A fragile tourism recovery
Global tourism rebounded in the third quarter of 2021, however, the pace of recovery is uneven. The emergence of new variants and varying degrees of restrictions, vaccination rates and traveller confidence, means international tourist arrivals in 2021 will likely remain 70-75% below pre-pandemic levels, while revenues could reach $700-800bn – less than half the $1.7trn recorded in 2019.
BAT backs forecast in ‘pivotal’ year
British American Tobacco (BAT) saw its share price rise in early trading on Tuesday (7 Dec) after it maintained its full-year profit and sales forecast on the back of growing demand for its ‘new categories’ products.
The company had invested more than £346m in its new categories business line – including e-cigarettes, oral nicotine and tobacco heating – in the first half of the year, which helped boost sales by 50%
BAT said 2021 was a “pivotal year in our transformation” as products from its new categories business would contribute to overall profits for the first time as losses start to reduce. The company revealed 3.6 million additional customers used these products, bringing the total number of consumers of its non-combustible products to 17.1 million.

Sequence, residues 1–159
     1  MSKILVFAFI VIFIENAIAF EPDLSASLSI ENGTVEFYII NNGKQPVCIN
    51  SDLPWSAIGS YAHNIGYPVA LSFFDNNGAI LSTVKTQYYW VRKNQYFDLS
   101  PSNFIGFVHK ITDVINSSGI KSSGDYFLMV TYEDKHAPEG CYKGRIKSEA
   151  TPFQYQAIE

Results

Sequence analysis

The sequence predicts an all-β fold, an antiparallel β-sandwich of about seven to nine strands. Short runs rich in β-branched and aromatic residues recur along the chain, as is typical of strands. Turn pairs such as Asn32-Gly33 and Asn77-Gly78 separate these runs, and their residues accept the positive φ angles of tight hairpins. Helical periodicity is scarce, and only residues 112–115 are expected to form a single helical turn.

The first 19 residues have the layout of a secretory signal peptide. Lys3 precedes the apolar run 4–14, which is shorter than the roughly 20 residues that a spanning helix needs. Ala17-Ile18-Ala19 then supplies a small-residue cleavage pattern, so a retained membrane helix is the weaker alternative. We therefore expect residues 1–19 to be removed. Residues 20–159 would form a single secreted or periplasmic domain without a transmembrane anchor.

As a result, BAT maintained its full-year forecast for constant currency revenue growth above 5% and mid-single digit adjusted earnings per share growth in 2021, while also noting “the clear value of a share buyback at the current valuation”.
Share buybacks hit three-year high
Companies have paid out around $68bn through share buybacks globally between January and November 2021, the highest level since 2018.
Data from Dealogic showed companies have been using the higher profits and cash flows as they recover from 2020’s pandemic-induced slowdown to reward shareholders.
On a regional basis, Europe led the way with over $27bn of buybacks, followed by around $16bn in Japan and $8bn in the US. Healthcare was the most popular sector for buybacks, followed by finance, with a number of banks and finance groups initiating share buybacks due to a fall in corporate defaults.
Meanwhile, a surge in oil prices has boosted the energy sector, prompting companies to announce buybacks and dividends. This has included Chesapeake Energy announcing it would buy back up to $1bn of its stock, while Chevron increased its share buyback guidance range to $3bn-$5bn per year, which is in-line with pre-pandemic levels.